Amateur filmmakers break the rules in Second Cairo Mobile Film Festival

Daily News Egypt
8 Min Read

The intimate, personal works of a number of novice directors using the latest art tools have been briefly put under the spotlight last week at the Second Cairo Mobile Film Festival, which ended on Tuesday.

Qafilat Hala institution and Egyptian production company Good News 4me organized the festival, which showcased a series of small, short productions bursting with scenes from contemporary Cairo. The most remarkable aspect of these films was their authenticity and ingenuity in capturing Cairo’s daily life; qualities that have constantly eluded mainstream Egyptian films.

The young, amateur filmmakers have opted to avoid any complex cinematic technicalities, focusing instead on basic issues and simple, yet highly expressive images. For five consecutive days, Cairenes were treated to 65 short shots on digital cell phone cameras, screening at a number of black booths, equipped with laptops and headphones, set up at universities, coffee shops, art galleries and cultural centers.

Nihad Nour El Din, Business Development manager of Good News, told Daily News Egypt that the concept of the festival intrigued him, mainly because of how intimate this revolutionary form of filmmaking can be. Well known, common problems plaguing the lives of most young people such as unemployment, were expected to dominate the subject matter of these stories. What Nour El Din didn’t foresee was the surge of creativity these filmmakers could churn out from topics that were hitherto discussed to death.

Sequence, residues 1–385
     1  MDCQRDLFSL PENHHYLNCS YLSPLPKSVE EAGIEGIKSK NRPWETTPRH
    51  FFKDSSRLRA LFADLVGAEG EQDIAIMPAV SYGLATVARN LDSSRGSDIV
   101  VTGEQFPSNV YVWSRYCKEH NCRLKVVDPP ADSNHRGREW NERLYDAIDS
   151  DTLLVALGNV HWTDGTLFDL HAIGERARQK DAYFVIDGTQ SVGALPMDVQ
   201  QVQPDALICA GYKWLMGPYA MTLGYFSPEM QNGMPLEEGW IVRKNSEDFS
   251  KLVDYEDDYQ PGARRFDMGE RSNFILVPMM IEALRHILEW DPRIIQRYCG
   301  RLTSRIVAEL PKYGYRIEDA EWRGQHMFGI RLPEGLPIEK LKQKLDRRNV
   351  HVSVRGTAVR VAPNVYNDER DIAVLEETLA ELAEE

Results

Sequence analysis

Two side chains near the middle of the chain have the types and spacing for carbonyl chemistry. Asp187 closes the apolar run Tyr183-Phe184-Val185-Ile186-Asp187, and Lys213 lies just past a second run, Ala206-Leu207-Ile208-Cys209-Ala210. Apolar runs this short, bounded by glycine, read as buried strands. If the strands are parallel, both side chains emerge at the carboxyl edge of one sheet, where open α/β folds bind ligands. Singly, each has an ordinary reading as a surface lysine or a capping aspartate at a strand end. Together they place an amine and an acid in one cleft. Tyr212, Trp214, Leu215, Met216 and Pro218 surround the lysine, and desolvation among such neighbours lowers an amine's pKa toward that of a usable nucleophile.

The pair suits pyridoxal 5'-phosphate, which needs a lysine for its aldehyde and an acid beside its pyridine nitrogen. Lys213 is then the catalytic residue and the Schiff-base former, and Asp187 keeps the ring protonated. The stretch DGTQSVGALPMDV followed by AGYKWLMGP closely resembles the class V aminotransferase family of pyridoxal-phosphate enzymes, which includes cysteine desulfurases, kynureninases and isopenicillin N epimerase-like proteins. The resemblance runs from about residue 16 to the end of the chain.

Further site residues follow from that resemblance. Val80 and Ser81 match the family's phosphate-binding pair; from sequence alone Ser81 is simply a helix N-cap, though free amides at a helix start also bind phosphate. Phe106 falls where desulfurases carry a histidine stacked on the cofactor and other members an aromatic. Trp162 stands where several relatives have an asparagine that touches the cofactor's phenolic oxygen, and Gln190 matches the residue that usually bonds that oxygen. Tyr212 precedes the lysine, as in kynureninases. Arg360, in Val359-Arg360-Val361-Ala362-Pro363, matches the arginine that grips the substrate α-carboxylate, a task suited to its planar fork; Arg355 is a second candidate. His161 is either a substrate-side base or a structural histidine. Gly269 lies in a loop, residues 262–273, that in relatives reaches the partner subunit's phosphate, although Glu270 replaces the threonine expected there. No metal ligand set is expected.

The event lacked the kind of publicity aimed to capture media attention. The festival organizers were targeting passersby and bystanders; an audience familiar with Hala’s street theaters and other similar projects they have organized. The placard-faced booths piqued the interest of random viewers from different ages and backgrounds to take a peek at these odd-looking figures.

Many of the screened films are works in progress. Founded on short scripts, acted out by friends and edited using software such as Windows Movie Maker or Adobe Premiere, the high artistic level of these short shots have proved that “Mobile Art is a true and valid art, not a mere fad.